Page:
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We are Water: Connecting Communities Through Stories and Conversations

Authors: Brigitta Rongstad Strong, Annamarie Schaecher, Anne Gold, Ethan Knight

Water is both critical and scarce across the desert southwest and a topic that touches on the lives of everyone in the communities. We are Water brings a traveling exhibition and interactive educational programs to libraries in rural, Indigenous, Latinx, and rural communities in the Southwestern United States. Hosted in public and Tribal libraries, the exhibition creates a place for communities to share their connections to water and explore multiple ways of knowing water. Using the exhibit display as the community hook, partner libraries engage visitors in STEAM (Science, Technology, Engineering, Art, and  Math) activities and events that are designed to inspire dialogue and community learning around water topics and connect with community partners to bring engaging learning experiences to the communities. 


[Photo 1: A young boy plays with the We are Water connect four game. Credit. Daniela Pennycook/CIRES] 

[Photo 2: Community members discuss the We are Water ‘Be a Water Manager’ scenario-based activity.  Credit: Daniela Pennycook/CIRES] 

Water Stories  

Community voices and stories are the foundations for the We are Water program. To honor multiple ways of knowing and to elevate community knowledge about water, our team works with community members at each host site location to record local water stories. From Third Mesa in Arizona to the San  Luis Valley in Colorado, these stories highlight the diverse perspectives and experiences of people living in the Southwestern U.S. and enable visitors to learn about water from people in their community and region. Stories range from memories about water to reflections about water’s cultural connections. 


Quotes from two water stories illustrate the character of these community stories from people with different backgrounds and cultural experiences, but they each touch on the importance and care for water. 

“Just because water comes in abundance from the faucet doesn’t mean it’s abundant.” — Trisha  (Chochiti, Ohkay Owhingeh, Kewa, NM) 

“I had to teach myself how to irrigate 760 acres, and that’s when I began to love the land and love the  water like never before.” — Reyes (San Luis Valley, CO) 


Stories are integrated throughout the We are Water exhibit and programs. For example, visitors can listen to the community stories through the exhibit “story wall” or in the online gallery and they can gather and share community stories about water through the Be a Water Historian kit. Storytelling activities, such as scenario-based games, artwork, and observational science, enable visitors to further share their perspectives, experiences and knowledge, and tell their own stories about water in their communities.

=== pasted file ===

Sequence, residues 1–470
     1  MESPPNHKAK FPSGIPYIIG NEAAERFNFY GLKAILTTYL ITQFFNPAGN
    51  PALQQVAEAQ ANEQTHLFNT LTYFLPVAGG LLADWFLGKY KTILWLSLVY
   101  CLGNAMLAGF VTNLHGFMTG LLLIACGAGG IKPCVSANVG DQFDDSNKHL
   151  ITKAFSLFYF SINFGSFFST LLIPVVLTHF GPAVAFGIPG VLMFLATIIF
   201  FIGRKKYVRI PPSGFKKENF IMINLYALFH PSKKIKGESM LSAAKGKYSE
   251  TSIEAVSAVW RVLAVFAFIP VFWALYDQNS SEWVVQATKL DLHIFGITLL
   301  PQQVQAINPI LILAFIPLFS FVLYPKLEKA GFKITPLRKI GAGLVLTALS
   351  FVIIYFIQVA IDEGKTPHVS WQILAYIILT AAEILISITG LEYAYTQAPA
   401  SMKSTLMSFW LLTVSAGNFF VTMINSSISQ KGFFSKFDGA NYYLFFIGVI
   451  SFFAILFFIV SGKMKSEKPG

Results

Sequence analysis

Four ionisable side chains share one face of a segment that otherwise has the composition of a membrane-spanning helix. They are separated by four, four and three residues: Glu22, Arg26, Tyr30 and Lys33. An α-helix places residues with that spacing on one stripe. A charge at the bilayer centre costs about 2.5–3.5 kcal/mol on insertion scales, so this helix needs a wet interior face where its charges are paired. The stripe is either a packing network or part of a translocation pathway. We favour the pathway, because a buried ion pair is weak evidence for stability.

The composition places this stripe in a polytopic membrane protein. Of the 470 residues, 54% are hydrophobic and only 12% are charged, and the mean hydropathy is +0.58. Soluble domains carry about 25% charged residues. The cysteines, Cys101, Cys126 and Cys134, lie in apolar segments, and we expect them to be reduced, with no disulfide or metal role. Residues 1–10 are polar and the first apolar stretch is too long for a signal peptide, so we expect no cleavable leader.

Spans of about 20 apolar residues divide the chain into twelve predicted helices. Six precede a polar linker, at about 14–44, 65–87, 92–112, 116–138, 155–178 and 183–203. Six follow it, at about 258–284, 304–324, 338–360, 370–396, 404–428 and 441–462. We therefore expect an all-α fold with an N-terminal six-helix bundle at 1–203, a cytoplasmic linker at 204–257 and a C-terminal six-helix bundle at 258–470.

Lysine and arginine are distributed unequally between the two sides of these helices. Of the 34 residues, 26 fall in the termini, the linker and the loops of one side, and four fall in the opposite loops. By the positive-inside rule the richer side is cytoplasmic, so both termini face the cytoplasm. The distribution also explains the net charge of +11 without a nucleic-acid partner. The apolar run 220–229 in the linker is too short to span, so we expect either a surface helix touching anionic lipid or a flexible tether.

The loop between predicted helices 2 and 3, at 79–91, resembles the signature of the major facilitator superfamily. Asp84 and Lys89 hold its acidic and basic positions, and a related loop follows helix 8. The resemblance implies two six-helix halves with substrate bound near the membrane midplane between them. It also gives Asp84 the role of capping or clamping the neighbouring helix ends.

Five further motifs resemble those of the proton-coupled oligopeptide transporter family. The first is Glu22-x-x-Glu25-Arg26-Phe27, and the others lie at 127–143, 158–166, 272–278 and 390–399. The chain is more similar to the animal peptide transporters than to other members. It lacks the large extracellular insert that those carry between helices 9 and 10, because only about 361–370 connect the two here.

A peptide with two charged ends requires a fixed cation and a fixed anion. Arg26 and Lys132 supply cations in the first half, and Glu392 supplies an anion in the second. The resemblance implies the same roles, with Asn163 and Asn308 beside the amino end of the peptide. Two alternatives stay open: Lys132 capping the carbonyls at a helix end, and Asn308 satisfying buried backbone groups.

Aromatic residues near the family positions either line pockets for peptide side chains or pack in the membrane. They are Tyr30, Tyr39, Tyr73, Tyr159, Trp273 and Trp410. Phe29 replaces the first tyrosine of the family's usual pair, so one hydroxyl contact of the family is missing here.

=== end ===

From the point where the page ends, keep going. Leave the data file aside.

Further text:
[Photo 3: A visitor listens to a water story at the We are Water exhibit in Bayfield, CO. Credit: Pine River  Library] 

Living Room Conversation guide: Water and Life 

The ‘Water and Life’ conversation guide is the newest addition to the exhibit extension activities. The conversation guide provides a structured way for community members to come together to share,  listen, and learn from each other all centered around water in their community. These community conversations provide a unique opportunity to share reflections about water as a vital topic to the shared environment and community health but is rarely discussed. This new We are Water conversation guide is centered around questions that encourage reflections about people’s relationship with water – for example, what is a memory about water or what are your hopes and concerns about water in the community? The guide also includes a prompt for participants to think about what might be missing in the community conversations about water. The thoughtful scaffolding of the guide provides a  conversation template and guides groups to a communal reflection on what water means in their community. A guide for the facilitator is included.  

[Photo 4: Water and Life conversation guide] 

The conversation guide was developed in collaboration with our partners at the Colorado State Library,  Western Water Assessment, and Living Room Conversation staff, and is publicly available on the LRC  website in both English and Spanish. The We Are Water host site librarians attended a training about how to conduct a living room conversation, and three sites will be using the new Water and Life conversation guide later this year. As host libraries and the public will use the program to facilitate community conversations about water, individuals will hopefully develop common interests, awareness  and appreciation for the different viewpoints and will work together toward a water future they want for their communities.  

From the Living Room Conversation staff: 

Each one of us has a profound relationship with water. This conversation guide prompts us to explore the impacts water has on our life, those around us, and our quality of being. This Earth Day, we invite you to try out the Water and Life conversation guide and “dive deeper” into discussing this remarkable source of life we all share.

This Post Has One Comment

  1. Jeanie Yaroch

    I work for a conservation organization and plan to use the Conversation Guide with our volunteers and members of the public. Thank you.

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